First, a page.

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Old 09-18-10, 07:55 PM   #1
zstjohn
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What team should i ride for?

I have a couple cycling teams actively pursuing me to race for them and wanted to ask the advice of the good people of bikeforums for an objective position on the matter.

A little history of me. I'm 22 with no real previous sports experience. Started riding seriously mid june after a bike wreck/recovery. Did my first cat 5 race end of august the end of the season in dumping rain and had no difficulty hanging with/finish with the pack. Last saturday i did the High Pass Challenge 113 miles with 7500' climbing was on pace to finish under 6 hours and 8th out of 400 till my tire exploded on mile 102 Didn't finish cause the damage was irreparable. Hopefully that's enough that could help you judge my fitness in relation to my real question.

Now the teams,

The first team has a much larger and older squad, around 50 riders with a good group of cat 3s and a few 2s as well. So my thinking is that sticking with them could increase my fitness that much more since i'm a strong believer in riding with someone stronger than you will make you stronger that much faster. There experience in higher levels of racing could be a good aid in reaching that level and knowing what to expect/how to prepare. So i've concluded this group would be better for my growth.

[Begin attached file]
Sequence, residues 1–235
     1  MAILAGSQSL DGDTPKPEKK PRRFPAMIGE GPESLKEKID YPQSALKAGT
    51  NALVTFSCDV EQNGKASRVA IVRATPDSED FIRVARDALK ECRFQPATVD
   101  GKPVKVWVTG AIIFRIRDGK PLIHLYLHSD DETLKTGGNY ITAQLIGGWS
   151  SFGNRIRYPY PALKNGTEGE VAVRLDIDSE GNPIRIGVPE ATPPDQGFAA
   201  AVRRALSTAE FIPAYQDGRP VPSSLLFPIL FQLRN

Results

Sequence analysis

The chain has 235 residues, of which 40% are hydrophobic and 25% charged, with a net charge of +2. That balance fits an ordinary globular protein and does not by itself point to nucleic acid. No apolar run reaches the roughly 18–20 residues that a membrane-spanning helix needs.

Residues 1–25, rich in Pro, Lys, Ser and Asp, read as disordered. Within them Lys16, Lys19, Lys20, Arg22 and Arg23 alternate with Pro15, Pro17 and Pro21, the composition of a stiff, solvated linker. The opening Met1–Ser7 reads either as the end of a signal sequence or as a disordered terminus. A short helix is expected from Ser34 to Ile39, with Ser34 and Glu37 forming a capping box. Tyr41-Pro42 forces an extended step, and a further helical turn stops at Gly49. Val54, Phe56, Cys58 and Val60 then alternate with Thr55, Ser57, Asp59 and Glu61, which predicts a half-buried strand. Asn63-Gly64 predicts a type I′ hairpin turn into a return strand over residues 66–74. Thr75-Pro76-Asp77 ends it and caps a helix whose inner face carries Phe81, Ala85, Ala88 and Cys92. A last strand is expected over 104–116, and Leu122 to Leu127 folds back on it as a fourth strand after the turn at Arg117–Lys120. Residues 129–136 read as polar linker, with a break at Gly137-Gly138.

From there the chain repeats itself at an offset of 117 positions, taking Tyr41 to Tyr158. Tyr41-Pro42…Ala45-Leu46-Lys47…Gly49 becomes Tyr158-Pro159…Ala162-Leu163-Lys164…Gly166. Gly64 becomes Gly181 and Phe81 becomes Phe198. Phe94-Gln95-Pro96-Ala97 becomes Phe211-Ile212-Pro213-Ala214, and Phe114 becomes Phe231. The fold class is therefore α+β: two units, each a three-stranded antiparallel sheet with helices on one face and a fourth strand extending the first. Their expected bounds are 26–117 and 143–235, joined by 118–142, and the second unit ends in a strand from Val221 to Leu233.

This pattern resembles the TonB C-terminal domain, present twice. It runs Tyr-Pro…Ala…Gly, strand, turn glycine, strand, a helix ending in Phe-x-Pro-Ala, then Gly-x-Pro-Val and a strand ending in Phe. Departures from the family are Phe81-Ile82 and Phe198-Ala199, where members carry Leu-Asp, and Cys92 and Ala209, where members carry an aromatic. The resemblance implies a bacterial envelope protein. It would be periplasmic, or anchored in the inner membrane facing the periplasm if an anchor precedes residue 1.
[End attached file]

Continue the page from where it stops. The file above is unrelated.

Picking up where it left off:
The second team is smaller, around 11 people. All 5s, 4s, and 3s but a lot younger of a squad and a much more fun, positive approach to racing from what i've gathered. A few of them are hiring coaches and are going to spread the information around and try and help the team grow as a team. The big thing with this team is a lot more benefits. Huge discounts double what the other team offers and waived activations fees for fitness clubs which is a huge plus for a poor 22 year old trying to jump headlong into an expensive sport.

I have no doubts that the young team has potential. huge potential. but would it be better to join a team with more experience all around?

Thanks for any knowledge i can get from those with a little more experience under their belts.